Emanuel: Chicago Is Now the First U.S. City to Publish Detailed Ride-Hailing Data

An ad for UberPOOL in Chicago. Photo: flickr user Lauren
An ad for UberPOOL in Chicago. Photo: flickr user Lauren

Since at least 2017, the Active Transportation Alliance has advocated for making ride-hailing trip data public so that we can have a better sense of its impacts on the local transportation network and plan and legislate accordingly. The report of Mayor Rahm Emanuel’s Transportation and Mobility Task Force, released last month, made the same recommendation.

Today Emanuel, along with the Department of Business Affairs and Consumer Protection and the Department of Innovation and Technology, announced that Active Trans will get its wish, since the city is publishing anonymized data from ride-hailing apps for providers like Uber, Lyft, and Via, on its Open Data Portal. According to the city, this makes Chicago the first city in the nation to publish detailed ride-hailing data.

“Making comprehensive and secure data available to the public is a fundamental element of good governance and a pinnacle of this administration,” said Emanuel in a statement. “With this information, we will better understand our transportation landscape and be prepared to solve future mobility problems.”

The city says the publication of these data sets, which will be updated quarterly as the ride-hailing companies share data with the city, represents early progress towards the task force report’s recommendations, and moves Chicago towards data uniformity and transparency.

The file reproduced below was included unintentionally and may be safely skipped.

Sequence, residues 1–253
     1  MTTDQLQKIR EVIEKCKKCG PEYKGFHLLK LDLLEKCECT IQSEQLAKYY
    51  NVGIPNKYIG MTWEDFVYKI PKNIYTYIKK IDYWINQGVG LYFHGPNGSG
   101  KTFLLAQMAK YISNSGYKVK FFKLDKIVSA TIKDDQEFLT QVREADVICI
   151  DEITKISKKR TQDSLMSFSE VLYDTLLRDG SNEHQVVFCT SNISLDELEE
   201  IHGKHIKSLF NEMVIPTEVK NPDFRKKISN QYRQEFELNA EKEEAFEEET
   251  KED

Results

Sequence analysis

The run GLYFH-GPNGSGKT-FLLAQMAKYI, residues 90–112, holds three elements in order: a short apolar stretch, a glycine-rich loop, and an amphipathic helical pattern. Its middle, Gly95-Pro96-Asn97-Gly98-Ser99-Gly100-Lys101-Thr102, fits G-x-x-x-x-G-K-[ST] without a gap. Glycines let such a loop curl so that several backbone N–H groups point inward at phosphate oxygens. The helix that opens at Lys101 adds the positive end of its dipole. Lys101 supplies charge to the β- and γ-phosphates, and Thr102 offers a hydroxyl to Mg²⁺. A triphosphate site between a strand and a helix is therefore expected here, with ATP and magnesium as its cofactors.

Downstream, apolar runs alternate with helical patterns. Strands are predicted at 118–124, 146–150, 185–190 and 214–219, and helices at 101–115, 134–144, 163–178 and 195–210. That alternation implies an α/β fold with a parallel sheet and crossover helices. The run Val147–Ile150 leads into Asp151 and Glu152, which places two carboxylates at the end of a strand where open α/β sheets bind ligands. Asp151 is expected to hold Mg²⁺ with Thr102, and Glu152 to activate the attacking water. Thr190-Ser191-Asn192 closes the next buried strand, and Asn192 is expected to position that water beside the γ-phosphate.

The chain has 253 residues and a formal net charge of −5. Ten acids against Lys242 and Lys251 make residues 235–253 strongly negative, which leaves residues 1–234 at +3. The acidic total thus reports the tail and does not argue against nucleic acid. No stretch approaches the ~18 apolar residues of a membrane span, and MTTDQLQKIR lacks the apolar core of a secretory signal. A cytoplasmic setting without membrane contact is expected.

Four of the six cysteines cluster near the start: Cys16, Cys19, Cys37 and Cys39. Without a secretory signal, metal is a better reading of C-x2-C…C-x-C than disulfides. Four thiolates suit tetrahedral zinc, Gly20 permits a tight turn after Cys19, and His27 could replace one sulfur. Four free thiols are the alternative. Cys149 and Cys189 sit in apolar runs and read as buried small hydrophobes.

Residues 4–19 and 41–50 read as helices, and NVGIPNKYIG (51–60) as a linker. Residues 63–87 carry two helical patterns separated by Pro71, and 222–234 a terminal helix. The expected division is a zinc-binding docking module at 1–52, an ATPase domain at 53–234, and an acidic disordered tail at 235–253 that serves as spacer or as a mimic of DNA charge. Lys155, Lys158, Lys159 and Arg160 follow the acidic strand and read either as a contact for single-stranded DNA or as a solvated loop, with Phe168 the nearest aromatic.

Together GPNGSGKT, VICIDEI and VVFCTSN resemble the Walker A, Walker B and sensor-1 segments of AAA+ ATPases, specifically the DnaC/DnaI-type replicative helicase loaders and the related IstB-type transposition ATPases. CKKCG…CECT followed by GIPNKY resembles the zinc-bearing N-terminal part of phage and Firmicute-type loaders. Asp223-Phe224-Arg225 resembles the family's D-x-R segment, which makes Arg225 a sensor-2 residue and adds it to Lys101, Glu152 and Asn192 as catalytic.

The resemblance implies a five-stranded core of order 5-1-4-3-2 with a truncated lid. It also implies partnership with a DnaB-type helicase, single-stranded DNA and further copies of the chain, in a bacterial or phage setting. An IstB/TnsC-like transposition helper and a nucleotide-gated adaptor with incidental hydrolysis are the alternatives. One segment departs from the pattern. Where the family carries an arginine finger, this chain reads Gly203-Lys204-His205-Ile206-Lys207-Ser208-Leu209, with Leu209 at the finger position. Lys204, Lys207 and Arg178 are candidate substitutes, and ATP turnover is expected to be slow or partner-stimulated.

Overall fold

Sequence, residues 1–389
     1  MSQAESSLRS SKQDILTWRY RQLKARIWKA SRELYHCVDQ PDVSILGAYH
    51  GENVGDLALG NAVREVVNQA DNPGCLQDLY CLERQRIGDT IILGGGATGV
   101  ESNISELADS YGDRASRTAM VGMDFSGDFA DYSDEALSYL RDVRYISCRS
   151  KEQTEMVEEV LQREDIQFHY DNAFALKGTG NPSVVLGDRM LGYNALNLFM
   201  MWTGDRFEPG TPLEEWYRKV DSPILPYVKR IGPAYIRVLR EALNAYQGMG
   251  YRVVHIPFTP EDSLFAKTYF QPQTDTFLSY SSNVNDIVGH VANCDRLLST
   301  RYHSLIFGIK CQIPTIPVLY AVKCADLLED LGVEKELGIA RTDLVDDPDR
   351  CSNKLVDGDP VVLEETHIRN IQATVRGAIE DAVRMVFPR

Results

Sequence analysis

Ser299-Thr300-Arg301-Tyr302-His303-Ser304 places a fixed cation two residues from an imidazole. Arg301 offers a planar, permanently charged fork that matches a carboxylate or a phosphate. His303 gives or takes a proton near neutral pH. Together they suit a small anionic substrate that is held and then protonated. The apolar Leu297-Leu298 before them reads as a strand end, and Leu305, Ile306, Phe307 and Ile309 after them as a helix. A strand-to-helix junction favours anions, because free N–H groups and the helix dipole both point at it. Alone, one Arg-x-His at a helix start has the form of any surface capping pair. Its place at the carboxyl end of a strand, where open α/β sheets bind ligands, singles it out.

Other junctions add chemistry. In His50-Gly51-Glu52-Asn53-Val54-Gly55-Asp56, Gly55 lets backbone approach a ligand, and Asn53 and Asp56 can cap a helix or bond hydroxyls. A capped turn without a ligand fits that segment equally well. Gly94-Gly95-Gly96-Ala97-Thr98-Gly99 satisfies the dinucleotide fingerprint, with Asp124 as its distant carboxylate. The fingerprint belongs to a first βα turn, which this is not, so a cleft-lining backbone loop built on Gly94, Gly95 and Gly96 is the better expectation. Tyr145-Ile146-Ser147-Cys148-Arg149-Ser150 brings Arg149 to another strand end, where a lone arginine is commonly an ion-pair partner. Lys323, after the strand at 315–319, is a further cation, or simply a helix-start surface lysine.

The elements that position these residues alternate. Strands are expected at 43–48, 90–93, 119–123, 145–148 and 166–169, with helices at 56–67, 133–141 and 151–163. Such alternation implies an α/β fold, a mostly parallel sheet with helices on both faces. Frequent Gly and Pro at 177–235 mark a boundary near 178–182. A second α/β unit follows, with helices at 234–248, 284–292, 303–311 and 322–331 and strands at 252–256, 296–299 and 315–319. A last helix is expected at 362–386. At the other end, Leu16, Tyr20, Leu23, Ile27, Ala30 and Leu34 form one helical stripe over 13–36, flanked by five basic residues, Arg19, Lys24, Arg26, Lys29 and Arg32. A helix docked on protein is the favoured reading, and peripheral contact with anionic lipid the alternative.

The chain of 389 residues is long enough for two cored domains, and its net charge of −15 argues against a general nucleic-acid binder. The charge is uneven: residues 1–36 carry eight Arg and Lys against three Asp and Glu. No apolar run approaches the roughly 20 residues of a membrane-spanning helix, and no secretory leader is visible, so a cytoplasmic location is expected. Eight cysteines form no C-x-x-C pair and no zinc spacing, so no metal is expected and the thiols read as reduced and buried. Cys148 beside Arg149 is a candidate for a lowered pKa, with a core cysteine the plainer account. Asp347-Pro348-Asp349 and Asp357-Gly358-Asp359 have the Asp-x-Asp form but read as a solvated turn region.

Included in the publication are three sets of ride-hailing data:

  • Registered vehicles, including:
    • Make, Model, and Year
    • Month of last inspection
    • Total trips completed
  • Registered drivers, including:
    • Driver start month
    • City of Residence
    • Total trips completed
  • TNP trips, including:
    • Starting and ending location, collected by census tract
    • Starting and ending time rounded to nearest 15 minutes
    • Trip fare rounded to nearest $2.50 and tip rounded to nearest $1.00

The data is anonymized to protect the privacy of customers and drivers. Driver names are not included, trip times are rounded to the nearest 15 minutes, fares and tips are rounded to the nearest $2.50 and $1.00 respectively, and locations are aggregated by census tract. Additionally, further aggregation methods are undertaken to expand zones that had fewer than 3 trips in a given time period. A full explanation of the anonymization methods can be found here.

This information is published in a similar format to taxicab data, which the city says achieves the task force’s recommendation to develop uniform data sharing requirements. According to the city, the number of ride-hailing trips in lower-income community areas has doubled since 2015. “We encourage city partners, academic researchers, and curious residents to explore the data to better understand the impact of ride-hailing services in Chicago,” a city news release stated.

“The availability of [ride-hailing] data on the city’s Open Data Portal is vital to our ability to be innovative around the future of mobility,” said Brenna Berman, executive director of City Tech. “This data will inform our work to develop focused, collaborative, cross-sector pilots that further the recommendations made by the City’s Task Force.”